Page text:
Sexual surrogate

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Sexual surrogates, sometimes called surrogate partners, are hired by individuals experiencing sexual dysfunction to provide direct sexual activity, with the goal of improving the quality of the client's future sexual experiences.[1][2]


Masters and Johnson introduced the practice in their book Human Sexual Inadequacy, published in 1970. They believed that people could only learn about sexual intimacy by experiencing it. They promoted a model where the surrogate worked under the direction of a trained therapist and acted as a form of mentor for the client. In their research, all of the surrogates were women who were assigned to work with single men. Today, most surrogates are women, but a few are men.[1]


Sometimes called surrogate partner therapy (SPT) or facilitated sex, sexual surrogacy is a controversial practice[3] that raises ethical and safety concerns and is illegal in many jurisdictions.[1][3][4]

Training and certifications are available, but anyone can call themselves a surrogate without credentials.[5][6] The International Professional Surrogates Association, founded in 1971, establishes professional and ethical standards for its members and advertises itself as a resource for traditional therapists looking for potential surrogates for their clients.[7]

Typical problems[edit]

Patients frequently present with these specific problems:

There are people who have experienced a change in sexual lifestyle due to an acquired disability (accident, paralysis, disease, trauma), and a surrogate can help them explore and develop sexual potential. The causes of sexual dysfunction are numerous and the methods a surrogate might use to help improve sexual function are varied.


Some couples attend sexual surrogacy sessions together, while some people (either single or in a couple) attend them alone.[8] The surrogate engages in education and often intimate physical contact and/or sexual activity with clients to achieve a therapeutic goal.[8] Some surrogates work at counseling centers, while others have their own offices.[9]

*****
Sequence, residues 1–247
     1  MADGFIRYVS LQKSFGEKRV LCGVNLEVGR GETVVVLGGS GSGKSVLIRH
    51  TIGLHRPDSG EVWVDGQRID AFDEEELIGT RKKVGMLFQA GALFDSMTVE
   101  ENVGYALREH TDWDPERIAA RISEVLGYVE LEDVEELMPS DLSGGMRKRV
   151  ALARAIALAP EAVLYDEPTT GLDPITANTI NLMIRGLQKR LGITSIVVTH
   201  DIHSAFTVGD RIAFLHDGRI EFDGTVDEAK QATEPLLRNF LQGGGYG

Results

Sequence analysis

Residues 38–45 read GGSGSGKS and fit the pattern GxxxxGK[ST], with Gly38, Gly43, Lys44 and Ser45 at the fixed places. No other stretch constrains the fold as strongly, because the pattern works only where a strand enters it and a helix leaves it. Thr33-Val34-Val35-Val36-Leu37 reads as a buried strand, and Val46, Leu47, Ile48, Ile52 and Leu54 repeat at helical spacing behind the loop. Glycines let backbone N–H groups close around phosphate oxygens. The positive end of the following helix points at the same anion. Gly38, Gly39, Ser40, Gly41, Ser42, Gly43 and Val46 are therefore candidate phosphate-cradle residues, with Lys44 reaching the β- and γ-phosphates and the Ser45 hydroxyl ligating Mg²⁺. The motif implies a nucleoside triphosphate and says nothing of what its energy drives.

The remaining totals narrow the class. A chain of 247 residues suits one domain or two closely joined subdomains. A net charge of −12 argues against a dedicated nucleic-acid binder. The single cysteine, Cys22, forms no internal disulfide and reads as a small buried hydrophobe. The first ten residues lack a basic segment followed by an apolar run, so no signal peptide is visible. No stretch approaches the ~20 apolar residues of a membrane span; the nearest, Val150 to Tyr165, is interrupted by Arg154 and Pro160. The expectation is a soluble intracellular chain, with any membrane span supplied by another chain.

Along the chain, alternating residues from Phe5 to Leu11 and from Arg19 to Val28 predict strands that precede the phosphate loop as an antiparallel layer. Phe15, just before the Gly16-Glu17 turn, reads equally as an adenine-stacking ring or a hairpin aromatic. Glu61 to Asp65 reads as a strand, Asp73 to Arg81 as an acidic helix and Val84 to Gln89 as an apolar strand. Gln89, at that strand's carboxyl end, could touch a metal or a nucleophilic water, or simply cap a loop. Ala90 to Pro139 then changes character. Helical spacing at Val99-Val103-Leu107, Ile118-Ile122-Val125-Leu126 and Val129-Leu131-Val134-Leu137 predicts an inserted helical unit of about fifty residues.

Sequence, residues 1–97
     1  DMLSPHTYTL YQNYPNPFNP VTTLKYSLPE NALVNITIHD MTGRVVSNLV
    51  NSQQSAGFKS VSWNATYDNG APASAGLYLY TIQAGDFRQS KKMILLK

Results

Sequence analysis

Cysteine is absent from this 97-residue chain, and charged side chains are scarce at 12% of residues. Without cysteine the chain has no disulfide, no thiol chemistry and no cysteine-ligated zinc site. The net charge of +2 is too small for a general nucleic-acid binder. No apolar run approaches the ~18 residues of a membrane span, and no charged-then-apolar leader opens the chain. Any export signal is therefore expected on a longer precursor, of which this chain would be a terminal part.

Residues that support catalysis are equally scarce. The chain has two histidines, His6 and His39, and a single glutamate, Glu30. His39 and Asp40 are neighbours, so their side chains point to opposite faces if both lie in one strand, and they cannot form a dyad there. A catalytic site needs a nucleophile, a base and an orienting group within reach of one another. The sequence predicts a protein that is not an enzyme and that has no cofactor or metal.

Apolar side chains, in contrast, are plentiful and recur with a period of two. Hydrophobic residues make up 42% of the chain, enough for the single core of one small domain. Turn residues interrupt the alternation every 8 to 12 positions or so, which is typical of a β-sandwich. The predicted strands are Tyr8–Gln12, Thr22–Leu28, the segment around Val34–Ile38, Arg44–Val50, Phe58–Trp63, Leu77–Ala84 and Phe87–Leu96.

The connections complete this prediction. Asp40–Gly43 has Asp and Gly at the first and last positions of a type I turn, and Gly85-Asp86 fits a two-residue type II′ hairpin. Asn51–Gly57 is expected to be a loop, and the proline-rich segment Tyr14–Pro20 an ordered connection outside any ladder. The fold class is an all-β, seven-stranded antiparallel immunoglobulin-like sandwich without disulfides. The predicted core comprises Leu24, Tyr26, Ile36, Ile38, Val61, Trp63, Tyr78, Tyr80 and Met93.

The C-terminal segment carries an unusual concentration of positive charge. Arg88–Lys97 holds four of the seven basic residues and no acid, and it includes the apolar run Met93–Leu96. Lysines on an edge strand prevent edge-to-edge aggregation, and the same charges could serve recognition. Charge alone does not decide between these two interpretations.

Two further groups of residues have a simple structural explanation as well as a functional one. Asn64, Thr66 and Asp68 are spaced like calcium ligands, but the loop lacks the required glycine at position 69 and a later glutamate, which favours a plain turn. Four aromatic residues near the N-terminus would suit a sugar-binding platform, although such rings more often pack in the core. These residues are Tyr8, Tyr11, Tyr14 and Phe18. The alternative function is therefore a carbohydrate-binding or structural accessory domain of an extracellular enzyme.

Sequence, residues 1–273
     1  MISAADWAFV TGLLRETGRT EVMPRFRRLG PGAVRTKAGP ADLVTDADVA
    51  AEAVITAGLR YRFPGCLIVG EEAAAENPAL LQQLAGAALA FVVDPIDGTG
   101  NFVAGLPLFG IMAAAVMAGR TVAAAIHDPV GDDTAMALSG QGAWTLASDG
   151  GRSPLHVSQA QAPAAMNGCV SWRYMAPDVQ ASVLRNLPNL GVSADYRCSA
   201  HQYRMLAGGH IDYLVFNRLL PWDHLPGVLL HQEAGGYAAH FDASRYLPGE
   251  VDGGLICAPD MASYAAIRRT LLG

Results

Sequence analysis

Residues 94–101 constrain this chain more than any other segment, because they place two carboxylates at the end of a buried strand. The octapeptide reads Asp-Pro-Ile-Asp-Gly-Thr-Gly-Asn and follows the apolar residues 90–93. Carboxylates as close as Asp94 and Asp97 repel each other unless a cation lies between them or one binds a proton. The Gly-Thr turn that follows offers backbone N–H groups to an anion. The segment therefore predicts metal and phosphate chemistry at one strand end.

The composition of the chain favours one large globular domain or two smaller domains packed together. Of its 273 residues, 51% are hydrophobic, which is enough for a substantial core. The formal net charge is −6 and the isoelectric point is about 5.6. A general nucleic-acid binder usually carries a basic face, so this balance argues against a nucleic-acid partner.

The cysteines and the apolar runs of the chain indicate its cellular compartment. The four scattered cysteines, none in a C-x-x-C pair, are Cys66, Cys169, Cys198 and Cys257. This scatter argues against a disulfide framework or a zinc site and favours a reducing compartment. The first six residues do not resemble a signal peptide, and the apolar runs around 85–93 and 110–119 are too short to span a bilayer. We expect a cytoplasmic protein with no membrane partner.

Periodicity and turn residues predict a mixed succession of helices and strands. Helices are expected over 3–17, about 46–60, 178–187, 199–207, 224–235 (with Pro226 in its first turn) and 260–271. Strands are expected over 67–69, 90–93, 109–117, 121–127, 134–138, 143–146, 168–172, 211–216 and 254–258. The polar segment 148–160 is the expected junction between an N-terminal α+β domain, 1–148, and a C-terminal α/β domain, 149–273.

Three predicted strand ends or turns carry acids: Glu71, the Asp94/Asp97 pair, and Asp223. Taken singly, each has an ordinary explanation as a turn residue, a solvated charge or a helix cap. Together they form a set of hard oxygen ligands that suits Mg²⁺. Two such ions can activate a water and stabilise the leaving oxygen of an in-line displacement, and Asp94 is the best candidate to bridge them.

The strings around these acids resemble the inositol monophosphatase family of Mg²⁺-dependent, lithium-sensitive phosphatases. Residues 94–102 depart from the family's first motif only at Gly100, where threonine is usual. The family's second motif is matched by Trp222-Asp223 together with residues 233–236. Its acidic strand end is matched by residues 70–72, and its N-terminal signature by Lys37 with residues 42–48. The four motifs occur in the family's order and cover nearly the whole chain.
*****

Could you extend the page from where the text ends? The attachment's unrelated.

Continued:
Since many sexual problems are psychological rather than physical, communication plays a key role in the therapeutic process between a patient and the sex surrogate, as well as between the surrogate and the therapist. Surrogates offer therapeutic exercises to help the patient. These may include relaxation techniques, intimate communication, teaching social skills, and some sexual touching.[6] Sex surrogate and tantra sex educator Mare Simone says that physical intimacy is a rare occurrence between her and her patients, and she will not engage in intercourse with those in committed relationships.[10][better source needed]


The 2003 article "I was a middle-aged virgin", by Michael Castleman, discusses a middle-aged American virgin (Roger Andrews) and his therapy with the sex surrogate Vena Blanchard.[11]


In popular culture[edit]

  • The TV series Boston Legal featured a sexual surrogate named Joanna Miller (played by Jane Lynch) as a recurring character. The show explored her professional relationship with two of the main cast, their sexual problems, and how a surrogate can approach treatment. The show further drew attention to the problems that can face those who offer sex surrogacy services. The character Joanna appears in the episodes "Can't We All Just Get A Lung?" (Season 3, Episode 1) and "The Verdict" (Season 3, Episode 6), which were both first aired in 2006.